But the Code does not deal with issues specific to women in the fisheries. Neither does it specifically highlight the role of fisherfolks' organisations, nor envisage any special role for non-governmental organisations (NGOs). It is claimed that the Code is addressed to all these sectors and that they should actively ensure that it is implemented.
But whose code? Whose conduct is it meant to influence? The Code was drawn up during a series of technical sessions attended by government representatives and then submitted for necessary finalisation to relevant FAO committees, the Council and the Conference. International NGOS, like Greenpeace, World Wide Fund for Nature and International Transportworkers Federation, participated actively at every stage of drawing up the Code. The interests of smallscale fishworkers were represented directly by their national organisations during some sessions, but largely through the International Collective in Support of Fishworkers - a network which was a fallout of the ICFWS of 1984. Consequently, though the Code is a document largely from above, the direct and indirect involvement of smalIscale fishworkers in influencing its formulation makes a role for them in its implementation, which is both important and possible.
FAO is also planning some meaningful follow-up to monitor the Code's implementation. Measures are afoot to ensure that, as a first step, the Code is translated into as many languages as possible and widely disseminated, generating greater awareness among fisherfolks' organisations. This will also lead to international-level fishworker- NGO-government exchange programmes to learn about successful examples of responsible fisheries management and development.
But in the final analysis, what is the Code all about? Joyachen is history. Many others like him the world over, too, are dead - some sacrificing their lives for the cause. Who, then, will assess the implication of this first decades of international response to struggle and carry it forward?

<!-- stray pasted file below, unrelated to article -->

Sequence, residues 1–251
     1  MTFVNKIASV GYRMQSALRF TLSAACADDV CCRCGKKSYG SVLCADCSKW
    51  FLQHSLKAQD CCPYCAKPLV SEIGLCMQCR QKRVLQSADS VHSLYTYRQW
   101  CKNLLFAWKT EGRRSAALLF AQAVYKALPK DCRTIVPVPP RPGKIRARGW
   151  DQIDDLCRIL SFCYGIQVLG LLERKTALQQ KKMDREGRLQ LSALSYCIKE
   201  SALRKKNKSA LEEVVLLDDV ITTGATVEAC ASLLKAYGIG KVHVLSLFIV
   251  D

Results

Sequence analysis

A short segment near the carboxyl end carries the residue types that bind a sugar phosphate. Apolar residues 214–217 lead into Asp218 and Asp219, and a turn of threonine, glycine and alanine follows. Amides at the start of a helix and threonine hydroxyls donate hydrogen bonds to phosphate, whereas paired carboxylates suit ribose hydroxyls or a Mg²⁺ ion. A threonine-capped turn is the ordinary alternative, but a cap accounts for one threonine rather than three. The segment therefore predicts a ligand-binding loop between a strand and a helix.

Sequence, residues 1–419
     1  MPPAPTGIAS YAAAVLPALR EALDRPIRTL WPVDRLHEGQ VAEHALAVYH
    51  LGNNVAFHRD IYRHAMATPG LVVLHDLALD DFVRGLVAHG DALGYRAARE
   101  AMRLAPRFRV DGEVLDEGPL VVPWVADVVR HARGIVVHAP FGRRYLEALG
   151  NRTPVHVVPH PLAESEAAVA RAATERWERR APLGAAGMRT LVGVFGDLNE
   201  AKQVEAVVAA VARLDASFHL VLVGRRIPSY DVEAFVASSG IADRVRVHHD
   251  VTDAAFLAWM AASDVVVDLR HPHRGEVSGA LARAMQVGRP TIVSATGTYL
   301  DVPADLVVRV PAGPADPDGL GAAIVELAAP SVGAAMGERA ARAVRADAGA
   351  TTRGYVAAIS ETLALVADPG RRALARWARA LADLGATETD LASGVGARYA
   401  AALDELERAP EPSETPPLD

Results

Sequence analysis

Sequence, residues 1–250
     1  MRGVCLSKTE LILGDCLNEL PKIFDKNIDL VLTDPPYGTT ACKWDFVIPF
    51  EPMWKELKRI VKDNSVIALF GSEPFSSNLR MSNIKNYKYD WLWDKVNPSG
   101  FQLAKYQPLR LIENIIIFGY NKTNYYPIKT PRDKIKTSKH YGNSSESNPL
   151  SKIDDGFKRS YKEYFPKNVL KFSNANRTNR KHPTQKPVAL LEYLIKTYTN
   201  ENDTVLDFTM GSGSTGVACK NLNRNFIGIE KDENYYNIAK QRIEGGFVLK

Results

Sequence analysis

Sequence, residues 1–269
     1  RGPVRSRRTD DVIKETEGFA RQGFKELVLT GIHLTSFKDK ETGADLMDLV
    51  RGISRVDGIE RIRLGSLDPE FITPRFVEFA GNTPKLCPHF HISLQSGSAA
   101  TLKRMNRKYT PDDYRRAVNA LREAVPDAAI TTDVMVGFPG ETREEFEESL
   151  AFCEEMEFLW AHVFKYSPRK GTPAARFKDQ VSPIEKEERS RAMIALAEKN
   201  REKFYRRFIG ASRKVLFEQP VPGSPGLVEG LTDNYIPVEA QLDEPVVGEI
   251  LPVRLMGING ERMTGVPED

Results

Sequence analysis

While the nation state is the custodian of the living resources within the exclusive economic zone (EEZ), its careful stewardship can only be undertaken by those who have a certain genuine 'connectedness' to the resource. Only smalIscale fishworkers like Joyachen qualify for this. They see the 'connectedness' between their future and that of the fish.
But they hardly need a code for their conduct. They have been responsible for generations, and they had demanded the code for protection against other stakeholders/ claimants to marine resource. in that sense, the Code is a good placard to be raised in the struggle for more responsible fishing, in which the mighty are accountable for their actions and the weak not ruined.
Moving towards responsible fisheries in the 21st century will depend largely on the manner in which coastal smallscale fishing communities and other fishworkers can push for a 'globalisation' of their concerns - dealing simultaneously with the global and the local.